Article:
Rough-legged Hawk Irruption?

The unusual, large irruption (irregular range expansion or population increase) of snowy owls on the East Coast this season has birders all “atwitter” and has made national headlines. While everyone was observing the snowy owls, Leonard and I noticed an increase in the number of rough legged hawks (Buteo lagopus) near our home in Northern California (Modoc County) this winter,  especially immature birds. Rough legged hawks winter here and return, usually in late February or March,  to the Arctic to breed. Granted, our observations were not scientific, however, we do watch the raptors closely from year to year.

There are several speculations as to why the snowy owls are showing up outside of their normal range in large numbers. Generally irruptions are thought to coincide with a lack of food. When food is scarce raptors range far to find prey. Snowy owls and rough legged hawks feed mainly on small tundra and grassland mammals with lemmings being a major food source. Lemming numbers cycle approximately every four years. Yet lemmings were abundant in the Arctic during the summer of 2013. The raptors were not hungry.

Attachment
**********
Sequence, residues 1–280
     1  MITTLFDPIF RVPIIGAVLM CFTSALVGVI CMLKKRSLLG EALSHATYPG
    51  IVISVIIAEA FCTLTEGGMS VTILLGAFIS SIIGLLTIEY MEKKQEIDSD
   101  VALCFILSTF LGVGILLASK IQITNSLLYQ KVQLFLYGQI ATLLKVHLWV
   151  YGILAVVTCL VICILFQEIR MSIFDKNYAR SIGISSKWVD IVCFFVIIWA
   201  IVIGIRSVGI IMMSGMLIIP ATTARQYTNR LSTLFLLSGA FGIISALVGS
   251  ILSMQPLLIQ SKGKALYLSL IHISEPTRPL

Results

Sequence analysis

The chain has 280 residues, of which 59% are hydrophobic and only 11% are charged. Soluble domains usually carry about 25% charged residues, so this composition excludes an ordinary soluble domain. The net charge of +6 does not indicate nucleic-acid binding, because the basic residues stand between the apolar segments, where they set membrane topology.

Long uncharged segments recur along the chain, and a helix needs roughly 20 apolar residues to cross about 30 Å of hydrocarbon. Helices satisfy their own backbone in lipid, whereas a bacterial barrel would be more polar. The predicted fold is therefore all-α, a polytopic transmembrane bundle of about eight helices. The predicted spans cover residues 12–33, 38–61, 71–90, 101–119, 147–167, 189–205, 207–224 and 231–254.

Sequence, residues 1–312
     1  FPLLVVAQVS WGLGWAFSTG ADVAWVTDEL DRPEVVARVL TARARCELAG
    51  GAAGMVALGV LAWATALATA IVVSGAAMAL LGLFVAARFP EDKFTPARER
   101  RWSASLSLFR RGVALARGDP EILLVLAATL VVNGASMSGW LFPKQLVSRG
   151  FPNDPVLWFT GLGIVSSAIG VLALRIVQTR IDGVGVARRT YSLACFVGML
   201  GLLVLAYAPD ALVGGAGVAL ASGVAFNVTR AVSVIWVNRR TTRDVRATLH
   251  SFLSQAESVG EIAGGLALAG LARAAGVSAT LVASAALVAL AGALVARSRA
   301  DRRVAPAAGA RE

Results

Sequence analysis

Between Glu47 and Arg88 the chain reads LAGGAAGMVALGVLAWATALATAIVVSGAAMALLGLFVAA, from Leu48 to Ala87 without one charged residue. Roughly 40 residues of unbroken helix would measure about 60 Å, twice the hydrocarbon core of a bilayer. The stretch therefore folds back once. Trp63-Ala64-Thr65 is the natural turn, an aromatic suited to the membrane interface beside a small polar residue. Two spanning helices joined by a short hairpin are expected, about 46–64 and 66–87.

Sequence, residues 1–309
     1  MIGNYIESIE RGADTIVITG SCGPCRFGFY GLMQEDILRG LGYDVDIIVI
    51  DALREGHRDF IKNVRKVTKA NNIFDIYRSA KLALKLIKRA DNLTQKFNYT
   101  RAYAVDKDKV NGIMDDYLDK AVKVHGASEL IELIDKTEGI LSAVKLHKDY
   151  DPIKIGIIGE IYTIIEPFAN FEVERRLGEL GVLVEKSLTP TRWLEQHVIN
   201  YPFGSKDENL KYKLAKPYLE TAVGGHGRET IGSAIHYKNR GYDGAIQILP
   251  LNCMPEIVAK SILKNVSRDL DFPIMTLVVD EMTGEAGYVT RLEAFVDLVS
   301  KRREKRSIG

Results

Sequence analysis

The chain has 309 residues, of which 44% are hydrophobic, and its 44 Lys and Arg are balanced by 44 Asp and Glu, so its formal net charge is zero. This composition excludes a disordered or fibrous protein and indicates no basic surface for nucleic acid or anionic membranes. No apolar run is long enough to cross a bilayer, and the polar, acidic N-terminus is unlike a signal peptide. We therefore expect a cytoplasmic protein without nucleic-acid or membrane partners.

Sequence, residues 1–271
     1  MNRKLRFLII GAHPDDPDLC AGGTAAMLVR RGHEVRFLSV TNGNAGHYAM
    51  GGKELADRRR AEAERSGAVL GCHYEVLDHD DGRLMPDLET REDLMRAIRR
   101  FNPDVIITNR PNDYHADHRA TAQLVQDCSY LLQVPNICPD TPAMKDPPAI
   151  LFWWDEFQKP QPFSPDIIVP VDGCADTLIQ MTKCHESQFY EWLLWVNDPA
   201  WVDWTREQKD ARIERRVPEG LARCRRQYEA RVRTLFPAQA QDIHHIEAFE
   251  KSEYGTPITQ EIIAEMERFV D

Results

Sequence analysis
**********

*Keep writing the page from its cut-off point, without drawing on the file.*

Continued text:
Snowy owl and rough legged hawk reproduction is linked to the abundance of prey. When prey is scarce these raptors will often skip a breeding cycle and then when food is abundant they will lay larger than usual numbers of eggs. With plenty of food more nestlings fledge and survive to become adults, as happened in 2013. These large numbers of snowy owls spread out in search of more food and territory and thus are found in unexpected locales. Rough legged hawks, usually present in Northern California in the winter, increase in numbers and the proportion of immatures.

Rough legged hawks and snowy owls often irrupt in the same years because they eat the same prey. Leonard and I are speculating, but we feel the same abundance of Arctic lemmings in 2013 may be driving the snowy owl irruption and the increase in rough legged hawks (especially immature) in our area this winter.

This rough legged hawk was photographed along County Road 91 near Lookout CA.

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2 Responses to Rough-legged Hawk Irruption?

  1. garth says:

    I’m on the other side of the country in central New York, but I’ve seen far more rough legged hawks this winter than in the previous four years I’ve been here. I see them most every day, though I can’t tell how many individuals there are around. I’ve seen four together – three in one tree with one flying near – but given the conflicting things I’ve read about whether or not they establish winter ranges I don’t know if I’m seeing a bunch of different hawks or the same half dozen over and over.

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